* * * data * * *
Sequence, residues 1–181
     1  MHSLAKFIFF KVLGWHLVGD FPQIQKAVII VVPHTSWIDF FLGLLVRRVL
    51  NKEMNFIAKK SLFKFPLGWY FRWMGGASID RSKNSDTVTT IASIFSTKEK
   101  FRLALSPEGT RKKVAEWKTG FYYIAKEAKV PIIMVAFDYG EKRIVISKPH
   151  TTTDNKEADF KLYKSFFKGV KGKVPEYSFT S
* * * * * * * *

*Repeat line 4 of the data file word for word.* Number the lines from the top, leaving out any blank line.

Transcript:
   101  FRLALSPEGT RKKVAEWKTG FYYIAKEAKV PIIMVAFDYG EKRIVISKPH